AUSTIN, Texas — School boards could replace counselors with chaplains in a bill that has now passed both the Texas House and Senate, which makes it likely the bill will become law when schools open this fall.
The House passed Senate Bill 763, 89-58, on Monday evening. The bill was amended to include a certification requirement for potential school chaplains, as well as an assurance that candidates are not on a sexual offender registry. Amendments intended to broaden access to other faith traditions and narrow the program to larger school districts were nixed.
Texas requires one school counselor for every 500 students in Texas public schools. Most will have a master’s degree, two years in the classroom, and a valid school counselor certificate. Chaplains, which now have a newly created chapter in the Texas Education Code in Senate Bill 763, have none of those requirements.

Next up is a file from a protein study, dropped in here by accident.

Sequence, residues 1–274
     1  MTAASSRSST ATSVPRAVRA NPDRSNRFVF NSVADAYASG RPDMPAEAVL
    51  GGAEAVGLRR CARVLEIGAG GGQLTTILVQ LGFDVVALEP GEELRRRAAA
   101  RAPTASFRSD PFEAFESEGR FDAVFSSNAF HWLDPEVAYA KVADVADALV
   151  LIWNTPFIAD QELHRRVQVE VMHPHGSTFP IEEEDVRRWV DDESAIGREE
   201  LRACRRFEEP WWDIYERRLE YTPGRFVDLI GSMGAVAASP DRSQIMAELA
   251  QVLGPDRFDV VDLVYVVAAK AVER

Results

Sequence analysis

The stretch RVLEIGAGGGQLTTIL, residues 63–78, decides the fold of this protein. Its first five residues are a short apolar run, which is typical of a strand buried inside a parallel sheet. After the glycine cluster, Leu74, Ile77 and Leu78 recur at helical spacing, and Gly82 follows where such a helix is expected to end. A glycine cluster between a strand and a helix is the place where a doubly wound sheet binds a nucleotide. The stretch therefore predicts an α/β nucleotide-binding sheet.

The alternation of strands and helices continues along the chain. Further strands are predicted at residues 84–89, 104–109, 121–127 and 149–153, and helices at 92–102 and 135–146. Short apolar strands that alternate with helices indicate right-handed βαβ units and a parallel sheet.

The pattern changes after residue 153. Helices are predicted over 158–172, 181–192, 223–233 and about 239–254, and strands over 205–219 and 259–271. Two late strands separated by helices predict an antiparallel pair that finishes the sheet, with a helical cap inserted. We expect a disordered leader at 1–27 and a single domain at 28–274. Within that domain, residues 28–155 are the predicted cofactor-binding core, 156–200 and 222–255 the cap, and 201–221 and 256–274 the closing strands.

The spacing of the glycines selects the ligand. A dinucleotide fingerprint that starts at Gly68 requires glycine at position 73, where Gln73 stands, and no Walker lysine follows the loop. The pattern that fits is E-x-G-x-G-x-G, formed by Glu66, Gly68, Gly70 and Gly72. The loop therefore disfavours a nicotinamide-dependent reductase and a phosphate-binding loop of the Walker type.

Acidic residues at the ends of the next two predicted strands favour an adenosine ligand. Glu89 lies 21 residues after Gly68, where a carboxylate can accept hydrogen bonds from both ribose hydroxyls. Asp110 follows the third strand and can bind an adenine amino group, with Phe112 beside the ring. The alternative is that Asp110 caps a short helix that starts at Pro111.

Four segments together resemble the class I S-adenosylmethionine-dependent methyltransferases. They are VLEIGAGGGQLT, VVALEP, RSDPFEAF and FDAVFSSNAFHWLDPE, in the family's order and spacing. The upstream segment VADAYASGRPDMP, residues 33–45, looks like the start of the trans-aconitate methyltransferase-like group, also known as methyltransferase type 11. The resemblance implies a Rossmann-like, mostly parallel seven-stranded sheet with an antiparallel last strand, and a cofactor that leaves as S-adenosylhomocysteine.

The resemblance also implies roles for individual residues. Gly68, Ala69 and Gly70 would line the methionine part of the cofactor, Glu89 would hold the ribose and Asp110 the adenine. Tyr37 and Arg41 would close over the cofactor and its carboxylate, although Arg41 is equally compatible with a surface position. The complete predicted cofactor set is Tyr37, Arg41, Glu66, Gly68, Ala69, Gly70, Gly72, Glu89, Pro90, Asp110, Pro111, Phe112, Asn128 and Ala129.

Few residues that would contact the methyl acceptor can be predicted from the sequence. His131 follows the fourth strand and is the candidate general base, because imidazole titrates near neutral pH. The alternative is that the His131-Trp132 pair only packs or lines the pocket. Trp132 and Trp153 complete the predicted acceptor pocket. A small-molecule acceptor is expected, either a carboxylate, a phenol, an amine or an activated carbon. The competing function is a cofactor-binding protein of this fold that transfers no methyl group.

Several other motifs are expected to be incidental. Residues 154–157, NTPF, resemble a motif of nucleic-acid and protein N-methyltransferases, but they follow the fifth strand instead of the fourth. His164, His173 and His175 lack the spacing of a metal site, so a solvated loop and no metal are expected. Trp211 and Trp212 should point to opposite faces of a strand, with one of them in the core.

Rep. Cole Hefner, R-Mount Pleasant, carried SB 763 in the House. He deferred many of the specifics to local school boards. Local school boards could require endorsements, a master’s degree and post-degree training, Hefner said.
“I want to make sure that we’re making it clear — that everybody knows — that schools may choose to do this, or not, and that they can put whatever rules and regulations in place that they see fit,” Hefner said of chaplain candidates, responding to questions from former school teacher Rep. James Talarico, D-Round Rock. “I think, just to be blunt with you, we can trust the school boards to do that.”